The Enigmatic Art of Jody Harmon - Contemporary Surrealist

Gallery Reviews Purchase Art Links Web Rings Contact Home JodyHarmon.com

 
 Diane Heilenman, Art Critic for the Louisville Courier - Journal

(Review 2 of 2)

 Review of my solo exhibition at Galerie Hertz, June 1997

In a world where it's hard to be different, Galerie Hertz has made a lucky discovery. The fantastical paintings of Jody Harmon of Louisville are clearly his own independent brand of surrealism. He has a personal and consistent symbolism that appears to be about the condition of living in general and specifically about the artists life.

One symbol that appears frequently is a red scarf or banner. When used alone, it tends to read as a decorative image. When attached to a standard with a running figure at the top, it becomes more significant, a symbol of aspirations.

Some of Harmon's paintings are seemingly simple to understand.
"The Release" shows two long-robed, priest-like figures holding the cords of two extravagantly fantastic flying/swimming creatures. The scene is set in a landscape with remarkable three-dimensional mountains formed by paint combined with sand. The flat surfaces are meticulously stroked. Detail is fine. The effect is bejeweled. Given the title, it sounds like this painting is about releasing the imagination.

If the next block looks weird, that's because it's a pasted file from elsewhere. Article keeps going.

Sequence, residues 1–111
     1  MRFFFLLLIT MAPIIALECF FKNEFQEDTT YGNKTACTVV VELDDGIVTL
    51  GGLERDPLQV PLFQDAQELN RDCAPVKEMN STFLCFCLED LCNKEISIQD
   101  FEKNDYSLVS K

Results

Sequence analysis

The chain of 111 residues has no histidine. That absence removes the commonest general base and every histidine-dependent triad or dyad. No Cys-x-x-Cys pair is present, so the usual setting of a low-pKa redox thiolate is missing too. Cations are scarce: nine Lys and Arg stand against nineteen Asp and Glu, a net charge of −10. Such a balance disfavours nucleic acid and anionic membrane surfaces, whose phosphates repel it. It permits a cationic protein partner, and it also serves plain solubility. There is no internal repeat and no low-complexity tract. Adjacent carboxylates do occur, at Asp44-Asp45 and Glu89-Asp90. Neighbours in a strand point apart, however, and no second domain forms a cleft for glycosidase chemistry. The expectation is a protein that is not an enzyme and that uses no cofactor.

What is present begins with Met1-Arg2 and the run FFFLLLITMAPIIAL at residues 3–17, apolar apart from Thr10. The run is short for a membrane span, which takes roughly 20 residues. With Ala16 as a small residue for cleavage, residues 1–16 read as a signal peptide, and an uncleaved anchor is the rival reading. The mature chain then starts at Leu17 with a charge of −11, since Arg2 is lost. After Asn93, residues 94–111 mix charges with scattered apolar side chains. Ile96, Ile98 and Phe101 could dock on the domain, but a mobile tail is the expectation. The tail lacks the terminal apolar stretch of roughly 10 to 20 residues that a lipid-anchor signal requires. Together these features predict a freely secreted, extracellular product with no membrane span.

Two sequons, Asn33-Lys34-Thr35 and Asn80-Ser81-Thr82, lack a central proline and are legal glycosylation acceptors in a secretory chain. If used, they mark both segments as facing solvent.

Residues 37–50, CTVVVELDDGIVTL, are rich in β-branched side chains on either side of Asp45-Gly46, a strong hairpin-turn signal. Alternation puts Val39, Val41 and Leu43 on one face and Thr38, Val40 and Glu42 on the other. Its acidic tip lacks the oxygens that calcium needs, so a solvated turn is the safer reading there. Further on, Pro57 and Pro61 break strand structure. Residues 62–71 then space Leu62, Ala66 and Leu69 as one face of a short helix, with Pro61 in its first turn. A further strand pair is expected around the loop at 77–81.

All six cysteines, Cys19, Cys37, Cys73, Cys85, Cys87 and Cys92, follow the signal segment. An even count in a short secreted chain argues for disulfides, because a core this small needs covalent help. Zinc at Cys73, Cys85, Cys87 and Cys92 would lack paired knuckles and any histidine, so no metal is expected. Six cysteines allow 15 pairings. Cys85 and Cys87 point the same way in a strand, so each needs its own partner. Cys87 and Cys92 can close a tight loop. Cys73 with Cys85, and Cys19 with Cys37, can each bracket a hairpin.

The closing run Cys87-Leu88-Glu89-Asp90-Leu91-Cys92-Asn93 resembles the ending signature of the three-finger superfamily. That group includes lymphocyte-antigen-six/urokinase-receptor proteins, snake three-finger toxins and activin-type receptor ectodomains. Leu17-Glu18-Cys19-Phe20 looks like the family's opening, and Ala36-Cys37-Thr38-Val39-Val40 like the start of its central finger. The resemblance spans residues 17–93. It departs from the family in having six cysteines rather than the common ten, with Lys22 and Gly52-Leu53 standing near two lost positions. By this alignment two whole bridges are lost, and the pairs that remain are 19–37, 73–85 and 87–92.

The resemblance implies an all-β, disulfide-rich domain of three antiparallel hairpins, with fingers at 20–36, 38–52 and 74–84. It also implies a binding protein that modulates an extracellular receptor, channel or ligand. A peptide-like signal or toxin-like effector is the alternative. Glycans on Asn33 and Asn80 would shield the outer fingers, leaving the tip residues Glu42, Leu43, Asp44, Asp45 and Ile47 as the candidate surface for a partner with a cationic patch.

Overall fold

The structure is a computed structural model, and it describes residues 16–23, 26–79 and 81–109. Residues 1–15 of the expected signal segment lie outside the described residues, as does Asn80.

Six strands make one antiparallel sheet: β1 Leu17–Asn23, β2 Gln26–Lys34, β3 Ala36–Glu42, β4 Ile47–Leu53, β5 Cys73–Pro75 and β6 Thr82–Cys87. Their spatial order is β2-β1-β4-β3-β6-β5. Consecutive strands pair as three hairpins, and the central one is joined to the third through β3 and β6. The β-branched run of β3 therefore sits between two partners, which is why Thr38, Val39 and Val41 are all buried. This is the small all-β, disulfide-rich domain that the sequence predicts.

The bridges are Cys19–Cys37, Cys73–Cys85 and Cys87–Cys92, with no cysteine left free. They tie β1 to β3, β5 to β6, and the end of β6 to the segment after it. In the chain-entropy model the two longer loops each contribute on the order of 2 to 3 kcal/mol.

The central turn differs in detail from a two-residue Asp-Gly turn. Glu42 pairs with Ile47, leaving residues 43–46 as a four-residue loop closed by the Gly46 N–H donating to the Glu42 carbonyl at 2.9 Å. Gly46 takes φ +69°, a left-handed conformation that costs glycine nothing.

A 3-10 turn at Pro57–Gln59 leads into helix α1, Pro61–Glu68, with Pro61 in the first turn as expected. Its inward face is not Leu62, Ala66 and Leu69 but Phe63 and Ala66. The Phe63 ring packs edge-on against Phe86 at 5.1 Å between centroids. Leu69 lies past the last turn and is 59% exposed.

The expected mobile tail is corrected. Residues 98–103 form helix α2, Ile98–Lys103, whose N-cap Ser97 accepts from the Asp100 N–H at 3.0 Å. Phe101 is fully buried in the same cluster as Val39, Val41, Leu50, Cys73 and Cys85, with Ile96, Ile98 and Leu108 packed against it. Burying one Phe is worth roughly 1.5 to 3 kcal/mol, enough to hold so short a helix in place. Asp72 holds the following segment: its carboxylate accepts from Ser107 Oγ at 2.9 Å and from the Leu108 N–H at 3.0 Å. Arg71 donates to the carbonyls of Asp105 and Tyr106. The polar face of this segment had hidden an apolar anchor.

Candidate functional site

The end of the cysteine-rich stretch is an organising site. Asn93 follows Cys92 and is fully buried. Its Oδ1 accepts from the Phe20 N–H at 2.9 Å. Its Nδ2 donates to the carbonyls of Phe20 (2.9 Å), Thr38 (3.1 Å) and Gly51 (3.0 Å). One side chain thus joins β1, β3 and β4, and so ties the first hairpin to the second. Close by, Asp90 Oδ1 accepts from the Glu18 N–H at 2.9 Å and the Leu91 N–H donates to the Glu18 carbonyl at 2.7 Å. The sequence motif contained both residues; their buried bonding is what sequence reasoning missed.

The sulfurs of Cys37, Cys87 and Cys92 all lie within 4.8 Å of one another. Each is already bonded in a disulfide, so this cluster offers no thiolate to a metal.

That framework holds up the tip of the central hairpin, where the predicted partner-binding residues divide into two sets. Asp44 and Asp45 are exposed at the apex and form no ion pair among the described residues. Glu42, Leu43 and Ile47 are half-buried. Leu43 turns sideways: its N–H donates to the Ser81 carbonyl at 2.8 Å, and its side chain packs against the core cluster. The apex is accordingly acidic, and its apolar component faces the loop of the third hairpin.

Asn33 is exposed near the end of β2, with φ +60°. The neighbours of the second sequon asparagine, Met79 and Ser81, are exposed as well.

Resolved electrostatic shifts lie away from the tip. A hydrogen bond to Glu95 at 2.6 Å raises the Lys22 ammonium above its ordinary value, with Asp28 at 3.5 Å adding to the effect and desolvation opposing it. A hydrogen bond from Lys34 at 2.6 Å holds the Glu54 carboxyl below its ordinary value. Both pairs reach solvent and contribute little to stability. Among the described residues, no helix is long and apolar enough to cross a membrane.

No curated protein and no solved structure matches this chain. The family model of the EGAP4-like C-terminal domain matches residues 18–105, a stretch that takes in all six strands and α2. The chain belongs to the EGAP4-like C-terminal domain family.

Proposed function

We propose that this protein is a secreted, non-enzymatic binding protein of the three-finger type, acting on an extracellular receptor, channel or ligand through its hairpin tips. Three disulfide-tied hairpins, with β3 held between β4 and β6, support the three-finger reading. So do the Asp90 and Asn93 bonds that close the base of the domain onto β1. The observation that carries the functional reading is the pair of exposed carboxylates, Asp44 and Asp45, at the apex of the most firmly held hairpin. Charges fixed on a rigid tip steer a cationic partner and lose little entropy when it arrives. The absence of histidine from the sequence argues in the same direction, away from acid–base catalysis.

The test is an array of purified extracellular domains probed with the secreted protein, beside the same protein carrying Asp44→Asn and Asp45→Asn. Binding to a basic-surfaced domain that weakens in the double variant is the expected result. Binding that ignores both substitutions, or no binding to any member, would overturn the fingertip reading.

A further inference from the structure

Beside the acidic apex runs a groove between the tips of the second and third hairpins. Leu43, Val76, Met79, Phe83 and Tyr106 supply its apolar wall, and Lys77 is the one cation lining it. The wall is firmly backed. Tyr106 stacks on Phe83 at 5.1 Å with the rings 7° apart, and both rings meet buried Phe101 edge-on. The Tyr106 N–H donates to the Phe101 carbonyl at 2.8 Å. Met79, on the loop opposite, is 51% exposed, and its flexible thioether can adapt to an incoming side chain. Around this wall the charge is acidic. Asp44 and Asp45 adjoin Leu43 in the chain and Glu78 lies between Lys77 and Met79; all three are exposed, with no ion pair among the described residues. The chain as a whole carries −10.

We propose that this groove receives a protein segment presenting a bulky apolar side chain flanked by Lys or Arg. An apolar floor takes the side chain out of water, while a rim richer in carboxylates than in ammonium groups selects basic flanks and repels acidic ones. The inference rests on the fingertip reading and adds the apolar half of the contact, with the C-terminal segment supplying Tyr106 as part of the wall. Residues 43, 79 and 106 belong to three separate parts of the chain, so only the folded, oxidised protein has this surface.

In "From My Armchair", a peculiar figure - a naked torso bereft of head and limbs - is propped against one wall of a corner of a room. In a disturbingly unlikely manner, the torso wears a cameo necklace. It is seemingly through these surrogate eyes of the face on the cameo that the viewer gets a sense of a human presence.

The viewer and the cameo /torso look at an illusion on the other wall of the painted room. It appears to be a landscape with the running figure on the red bannered standard stuck in a fleshy blob that is being dissected, or something.

If you are getting the idea that almost everything has double meanings that aren't always clear, you are getting the picture.

It can get psychologically heavy. In another work, five chess-like figures of women protect/imprison a child (the artist?) Standing neck-deep in a hole in the desert. Castle ruins are in the background.

Harmon's paintings put the viewer in touch with a certain adolescent quality of thought and delight in the macabre and strange, which is refreshing. His is an intriguing world of images and ideas conveyed through a sumptuous style and technique.


 

- Previous Review -


 

  1993-2004 Jody A. Harmon - Global Rights Reserved